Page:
Like my allies in the Nation’s capital, I was despendent for days after that dark, devious Cowboys comeback last December that snatched from my beloved Redskins their rightful play-off berth. I had been there at Texas Stadium, bellowing myself hoarse from the end-zone seats, as John Riggins ripped down the sidelines for what looked like the winning score. I had watched in horror as Joe Theismann tried to call for a time-out from beneath a bundle of linebackers. And I nodded my head in complete agreement when Rep. Walter Fauntroy called for a Congressional probe into how we were robbed. When he did, my Dallas colleagues began babbling self-right-eously about sore losers, crybabies, and such. To me, it sounded like good government. I said as much the following week at a tavern in my neighborhood. The guy sitting next to me poured beer in my lap.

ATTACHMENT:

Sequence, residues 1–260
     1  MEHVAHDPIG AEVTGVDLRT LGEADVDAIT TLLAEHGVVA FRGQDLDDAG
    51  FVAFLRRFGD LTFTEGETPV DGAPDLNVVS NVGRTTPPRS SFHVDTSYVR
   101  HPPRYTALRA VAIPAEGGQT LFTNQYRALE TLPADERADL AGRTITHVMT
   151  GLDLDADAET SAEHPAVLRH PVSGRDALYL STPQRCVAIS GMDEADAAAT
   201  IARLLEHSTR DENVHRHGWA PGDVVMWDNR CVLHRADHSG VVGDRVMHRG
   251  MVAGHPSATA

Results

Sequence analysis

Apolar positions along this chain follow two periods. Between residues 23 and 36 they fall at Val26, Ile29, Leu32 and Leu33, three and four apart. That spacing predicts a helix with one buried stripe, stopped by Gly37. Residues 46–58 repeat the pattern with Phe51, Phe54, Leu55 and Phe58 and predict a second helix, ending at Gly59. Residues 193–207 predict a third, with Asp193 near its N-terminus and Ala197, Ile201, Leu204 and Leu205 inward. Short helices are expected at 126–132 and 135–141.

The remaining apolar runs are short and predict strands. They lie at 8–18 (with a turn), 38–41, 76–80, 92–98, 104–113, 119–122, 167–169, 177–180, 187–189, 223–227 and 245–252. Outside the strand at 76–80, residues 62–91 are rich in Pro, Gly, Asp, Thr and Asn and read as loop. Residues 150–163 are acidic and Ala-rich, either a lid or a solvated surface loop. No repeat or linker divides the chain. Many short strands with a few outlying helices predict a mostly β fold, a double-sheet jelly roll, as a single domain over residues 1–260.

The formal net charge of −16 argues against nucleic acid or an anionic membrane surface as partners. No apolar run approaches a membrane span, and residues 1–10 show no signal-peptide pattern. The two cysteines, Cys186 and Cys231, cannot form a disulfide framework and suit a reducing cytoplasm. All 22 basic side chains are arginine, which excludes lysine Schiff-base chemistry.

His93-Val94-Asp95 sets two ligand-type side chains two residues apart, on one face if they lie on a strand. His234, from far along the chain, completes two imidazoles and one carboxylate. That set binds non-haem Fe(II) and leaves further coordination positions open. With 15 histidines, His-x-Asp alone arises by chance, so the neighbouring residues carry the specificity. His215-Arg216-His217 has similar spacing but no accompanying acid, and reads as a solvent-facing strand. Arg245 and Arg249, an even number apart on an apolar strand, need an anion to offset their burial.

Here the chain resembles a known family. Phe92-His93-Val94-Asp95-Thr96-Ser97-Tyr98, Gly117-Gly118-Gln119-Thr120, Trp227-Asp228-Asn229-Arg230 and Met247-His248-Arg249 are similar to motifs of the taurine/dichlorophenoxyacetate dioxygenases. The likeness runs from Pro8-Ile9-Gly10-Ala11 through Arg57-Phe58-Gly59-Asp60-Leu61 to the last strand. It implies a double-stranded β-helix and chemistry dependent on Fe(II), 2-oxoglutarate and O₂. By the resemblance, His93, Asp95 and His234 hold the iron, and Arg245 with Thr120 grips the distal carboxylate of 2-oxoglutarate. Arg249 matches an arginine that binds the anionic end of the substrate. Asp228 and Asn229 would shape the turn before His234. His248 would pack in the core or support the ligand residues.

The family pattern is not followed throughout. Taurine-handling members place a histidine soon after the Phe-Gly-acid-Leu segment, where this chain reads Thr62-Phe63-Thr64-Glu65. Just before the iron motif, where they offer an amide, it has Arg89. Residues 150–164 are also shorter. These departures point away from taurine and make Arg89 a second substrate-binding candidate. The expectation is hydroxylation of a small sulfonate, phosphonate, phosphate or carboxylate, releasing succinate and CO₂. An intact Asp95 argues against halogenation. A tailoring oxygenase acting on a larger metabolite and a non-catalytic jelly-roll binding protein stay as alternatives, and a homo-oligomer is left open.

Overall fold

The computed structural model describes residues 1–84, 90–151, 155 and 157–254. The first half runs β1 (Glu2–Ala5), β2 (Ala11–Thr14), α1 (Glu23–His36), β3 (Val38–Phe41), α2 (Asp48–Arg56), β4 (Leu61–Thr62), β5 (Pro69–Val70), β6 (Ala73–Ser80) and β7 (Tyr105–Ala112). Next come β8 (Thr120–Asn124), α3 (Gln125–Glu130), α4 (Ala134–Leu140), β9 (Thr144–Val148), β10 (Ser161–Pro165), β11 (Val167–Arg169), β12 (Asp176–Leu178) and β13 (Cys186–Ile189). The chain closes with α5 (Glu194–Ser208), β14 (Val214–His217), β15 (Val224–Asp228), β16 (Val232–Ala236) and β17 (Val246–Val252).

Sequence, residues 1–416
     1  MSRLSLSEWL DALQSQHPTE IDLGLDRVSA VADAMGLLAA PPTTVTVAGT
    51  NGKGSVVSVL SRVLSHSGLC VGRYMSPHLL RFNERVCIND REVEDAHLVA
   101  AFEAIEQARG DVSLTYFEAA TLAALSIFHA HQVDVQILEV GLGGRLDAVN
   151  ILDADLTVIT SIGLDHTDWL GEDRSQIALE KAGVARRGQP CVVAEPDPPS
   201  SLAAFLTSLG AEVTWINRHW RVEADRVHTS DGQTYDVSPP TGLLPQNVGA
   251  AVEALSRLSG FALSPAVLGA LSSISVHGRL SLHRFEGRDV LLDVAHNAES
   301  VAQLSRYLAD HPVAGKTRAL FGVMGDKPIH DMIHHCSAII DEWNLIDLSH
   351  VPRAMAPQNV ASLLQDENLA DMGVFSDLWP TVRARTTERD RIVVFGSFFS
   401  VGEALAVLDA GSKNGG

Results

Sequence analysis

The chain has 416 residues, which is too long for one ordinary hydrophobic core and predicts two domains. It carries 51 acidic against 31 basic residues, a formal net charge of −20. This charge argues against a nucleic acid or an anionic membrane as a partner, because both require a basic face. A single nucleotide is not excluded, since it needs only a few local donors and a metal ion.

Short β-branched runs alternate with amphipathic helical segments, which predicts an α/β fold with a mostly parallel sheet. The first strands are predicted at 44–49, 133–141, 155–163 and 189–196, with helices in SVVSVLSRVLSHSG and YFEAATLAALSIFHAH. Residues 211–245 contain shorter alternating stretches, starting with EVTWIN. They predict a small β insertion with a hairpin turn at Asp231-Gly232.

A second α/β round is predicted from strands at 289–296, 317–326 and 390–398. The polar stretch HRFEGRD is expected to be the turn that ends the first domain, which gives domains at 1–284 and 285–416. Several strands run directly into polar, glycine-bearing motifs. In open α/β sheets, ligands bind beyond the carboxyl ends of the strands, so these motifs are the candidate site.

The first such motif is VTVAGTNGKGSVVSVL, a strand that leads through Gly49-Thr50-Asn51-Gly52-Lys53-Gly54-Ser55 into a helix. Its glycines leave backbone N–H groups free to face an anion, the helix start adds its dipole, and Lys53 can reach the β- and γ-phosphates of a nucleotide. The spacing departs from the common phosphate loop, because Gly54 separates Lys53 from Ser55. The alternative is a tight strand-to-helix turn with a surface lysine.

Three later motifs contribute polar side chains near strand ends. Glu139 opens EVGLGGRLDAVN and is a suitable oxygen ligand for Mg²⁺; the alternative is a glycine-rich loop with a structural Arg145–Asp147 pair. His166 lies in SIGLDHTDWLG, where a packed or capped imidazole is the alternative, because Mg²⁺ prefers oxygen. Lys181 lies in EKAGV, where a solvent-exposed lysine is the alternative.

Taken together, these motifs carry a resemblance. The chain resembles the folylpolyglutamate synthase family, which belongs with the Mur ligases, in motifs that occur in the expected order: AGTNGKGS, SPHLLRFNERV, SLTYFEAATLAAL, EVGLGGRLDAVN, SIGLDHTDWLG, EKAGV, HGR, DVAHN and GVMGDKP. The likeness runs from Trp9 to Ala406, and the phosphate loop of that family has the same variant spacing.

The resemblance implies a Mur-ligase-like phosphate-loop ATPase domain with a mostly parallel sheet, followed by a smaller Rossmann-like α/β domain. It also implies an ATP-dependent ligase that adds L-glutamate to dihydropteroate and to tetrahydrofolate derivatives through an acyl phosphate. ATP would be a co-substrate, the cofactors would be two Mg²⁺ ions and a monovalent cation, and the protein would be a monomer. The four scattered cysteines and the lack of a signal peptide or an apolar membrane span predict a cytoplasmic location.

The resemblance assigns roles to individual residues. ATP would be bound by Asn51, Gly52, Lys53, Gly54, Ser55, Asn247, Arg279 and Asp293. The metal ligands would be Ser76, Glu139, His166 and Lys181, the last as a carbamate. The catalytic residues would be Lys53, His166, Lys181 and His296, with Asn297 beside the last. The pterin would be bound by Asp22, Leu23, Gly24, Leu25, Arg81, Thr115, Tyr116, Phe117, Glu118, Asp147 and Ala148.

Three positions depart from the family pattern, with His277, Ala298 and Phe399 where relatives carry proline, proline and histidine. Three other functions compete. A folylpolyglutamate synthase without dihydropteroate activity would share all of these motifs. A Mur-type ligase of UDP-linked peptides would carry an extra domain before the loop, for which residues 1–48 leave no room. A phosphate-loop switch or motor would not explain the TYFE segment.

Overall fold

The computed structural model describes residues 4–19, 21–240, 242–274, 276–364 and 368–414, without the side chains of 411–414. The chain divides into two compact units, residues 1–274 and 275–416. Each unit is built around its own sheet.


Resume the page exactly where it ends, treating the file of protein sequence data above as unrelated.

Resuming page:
Two weeks after the Great Depression. 1 was standing in a ticket line at the Cowboys’ offices on Central Expressway while the Cowboys were working out with the Los Angeles Rams at Texas Stadium. Like everyone else in Dallas, I had assumed that the Cowboys would be playing Tampa Bay for the championship the following week. But as I stood there in the darkness I heard the hundreds of radios in the line around me thunder Billy Waddy’s catch of a Vince Ferra-gamo pass. Waddy danced down the field untouched for the score that snuffed the Cowboys. And while the Ram defense was choking off the final Cowboy threat, the ticket-buyers began leaving the line, without their tickets, muttering bitterly as they walked to their cars. There were no tears, no pithy vows about next year, no sullen threats of suicide, or even homicide. It struck me in that moment that Cowboys fans don’t know how to lose any better than they know how to win.